By Bob Evans
Judging from the opening night crowd, mostly baby-boomers filled the Chestnut Fine Arts auditorium for an evening of old and really old folk music and drew the crowd to its feet, even before artistic director could make closing comments and begin the final song.
Act 1 featured music from America’s past and a selection of well known songs mid-century AM radio songs. And, the best part. “Blowin’ in the Wind’ is a sing-a-long show with the audience encouraged from the first notes to join in as the show progresses. As Samantha Agron said, Folk Music needs folks to make it happen…and, the audience obliged.
Four talented singers/musicians lead the show with their guitars, banjos, and specialty instruments. Val Fagan strummed and plucked away on guitar and banjo while Joel Morrison and Tim Scott accompanied the music on guitar. Samantha Agron demonstrated her virtuoso skills on maracas, tambourine, kazoo, and coconuts to audience delight. But, it wasn’t instrumental music, down home, folk songs, old and new filled the bill.
The talents of Brad Zimmerman on piano and Brian Padavic on bass added to the strings and filled the auditorium with acoustical music of America’s past. Act 1 featured: “Blowin’ in the Wind and If I Had a Hammer” to open the show and set the tone. The show followed with “L’il Liza Jane,” “I’ve Been Workin’ on the Railroad,” “Clementine,” “Shenandoah,” “The Erie Canal,” “The Battle of New Orleans,” “Tom Dooley,” “Worried Man,” “Church in the Wildwood,” “Shall We Gather at the River,” “I Saw the Light,” “I’ll Fly Away,” “Tumblin’ Tumbleweeds” and several others.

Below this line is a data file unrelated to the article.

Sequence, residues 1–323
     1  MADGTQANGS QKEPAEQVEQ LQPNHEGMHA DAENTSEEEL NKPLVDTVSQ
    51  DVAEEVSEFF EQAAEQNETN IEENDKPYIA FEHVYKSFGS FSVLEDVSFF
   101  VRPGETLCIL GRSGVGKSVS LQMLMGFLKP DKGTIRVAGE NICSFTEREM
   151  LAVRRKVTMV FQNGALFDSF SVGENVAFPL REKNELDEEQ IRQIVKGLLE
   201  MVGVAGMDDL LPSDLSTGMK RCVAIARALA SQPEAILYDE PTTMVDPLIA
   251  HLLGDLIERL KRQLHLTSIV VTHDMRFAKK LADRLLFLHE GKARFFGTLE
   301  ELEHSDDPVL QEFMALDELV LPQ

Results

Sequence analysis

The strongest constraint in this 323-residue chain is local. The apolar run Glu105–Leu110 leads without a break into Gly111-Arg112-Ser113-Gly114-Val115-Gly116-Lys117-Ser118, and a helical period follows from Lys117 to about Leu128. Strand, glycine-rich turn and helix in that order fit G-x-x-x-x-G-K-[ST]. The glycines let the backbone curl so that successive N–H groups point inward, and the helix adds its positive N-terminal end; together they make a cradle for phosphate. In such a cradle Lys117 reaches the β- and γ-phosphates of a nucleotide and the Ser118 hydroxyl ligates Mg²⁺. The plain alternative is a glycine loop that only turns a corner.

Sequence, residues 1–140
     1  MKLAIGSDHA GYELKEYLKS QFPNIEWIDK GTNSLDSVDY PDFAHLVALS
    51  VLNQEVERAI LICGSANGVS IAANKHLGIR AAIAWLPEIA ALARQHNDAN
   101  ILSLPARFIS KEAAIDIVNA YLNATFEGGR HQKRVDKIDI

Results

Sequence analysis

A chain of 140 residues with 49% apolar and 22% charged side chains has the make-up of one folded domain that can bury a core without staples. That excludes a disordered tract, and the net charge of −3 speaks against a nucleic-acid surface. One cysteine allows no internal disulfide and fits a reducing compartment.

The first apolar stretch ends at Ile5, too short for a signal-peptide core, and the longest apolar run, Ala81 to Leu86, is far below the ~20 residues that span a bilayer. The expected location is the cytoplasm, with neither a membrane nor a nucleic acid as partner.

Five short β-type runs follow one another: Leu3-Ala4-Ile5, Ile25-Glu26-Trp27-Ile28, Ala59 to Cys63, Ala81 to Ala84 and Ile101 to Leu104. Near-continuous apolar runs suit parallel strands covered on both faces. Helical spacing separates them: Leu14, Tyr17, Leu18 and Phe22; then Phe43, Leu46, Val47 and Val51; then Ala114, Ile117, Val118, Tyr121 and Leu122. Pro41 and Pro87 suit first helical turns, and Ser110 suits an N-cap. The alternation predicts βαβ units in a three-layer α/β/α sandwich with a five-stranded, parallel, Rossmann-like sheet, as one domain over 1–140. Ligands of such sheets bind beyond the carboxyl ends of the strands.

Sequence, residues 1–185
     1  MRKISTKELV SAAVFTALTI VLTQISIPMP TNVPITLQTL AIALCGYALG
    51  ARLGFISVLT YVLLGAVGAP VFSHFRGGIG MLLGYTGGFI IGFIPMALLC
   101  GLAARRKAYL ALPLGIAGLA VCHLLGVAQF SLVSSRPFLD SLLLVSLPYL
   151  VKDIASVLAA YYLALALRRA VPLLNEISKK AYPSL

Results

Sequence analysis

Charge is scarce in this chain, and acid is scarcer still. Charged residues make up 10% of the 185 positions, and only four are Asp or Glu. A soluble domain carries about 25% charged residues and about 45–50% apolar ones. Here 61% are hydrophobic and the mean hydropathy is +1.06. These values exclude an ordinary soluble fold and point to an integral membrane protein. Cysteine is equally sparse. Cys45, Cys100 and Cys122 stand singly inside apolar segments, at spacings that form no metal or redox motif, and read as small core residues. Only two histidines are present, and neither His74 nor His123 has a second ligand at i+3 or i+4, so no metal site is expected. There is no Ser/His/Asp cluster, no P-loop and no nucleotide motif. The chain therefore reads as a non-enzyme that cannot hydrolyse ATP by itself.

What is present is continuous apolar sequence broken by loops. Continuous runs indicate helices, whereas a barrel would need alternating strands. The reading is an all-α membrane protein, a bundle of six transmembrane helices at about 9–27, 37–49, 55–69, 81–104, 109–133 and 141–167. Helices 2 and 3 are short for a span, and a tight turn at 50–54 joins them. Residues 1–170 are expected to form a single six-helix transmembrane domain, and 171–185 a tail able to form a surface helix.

As the crowd sang along with the performers on the more well-known songs, the Gospel music got the most audience participation. As a reviewer, intermission provides the best opportunity to get the reactions, and not a contrary word was mentioned about the music. Several were perusing the Act II songs in anticipation.
Act II brought the crowd to a more current and familiar place with the music that developed and evolved after Woodstock and the current trend of Folk Music. Peter, Paul, and Mary and the music of Bob Dylan lead the movement, followed by some songs of Cass Elliott and the signature group, The Mamas and the Papas.
“M.T.A,” opened the set. That was followed by Peter, Paul, and Mary medley, “The Lion Sleeps Tonight”(with Brad Zimmerman singing the lead in his clear falsetto voice), “Monday, Monday,” “Dream a Little Dream of Me,” “California Dreaming,” “Where Have All the Flowers Gone?,” the Joan Baez classic, “The Night They Drove Old Dixie Down,” Simon and Garfunkle’s “Feeling Groovy,” “The Sounds of Silence,” “Cecilia,” “Bridge Over Troubled Water,” “Mrs. Robinson,” and then the finale.
Act I warmed the crowd; Act II drove the music home. After “Mrs. Robinson” the patrons started rising to their feet and clapping. Smiles and loud applause signaled to the talented on-stage performers that they had a hit. Opening night drew a second standing ovation after the finale. As each performer made final bows, the audience could tell that they enjoyed the show and the crowd reaction. That’s good to hear on opening night of any production’s run.
The show continues through June 25. For tickets, go to the Chestnut website.
Tags: Chestnut Fine Arts Center, Olathe, “Blowin’ in the Wind,” “Kansas City Arts & Entertainment, Kansas City Performing Arts, Kansas City Theater, Kansas City Music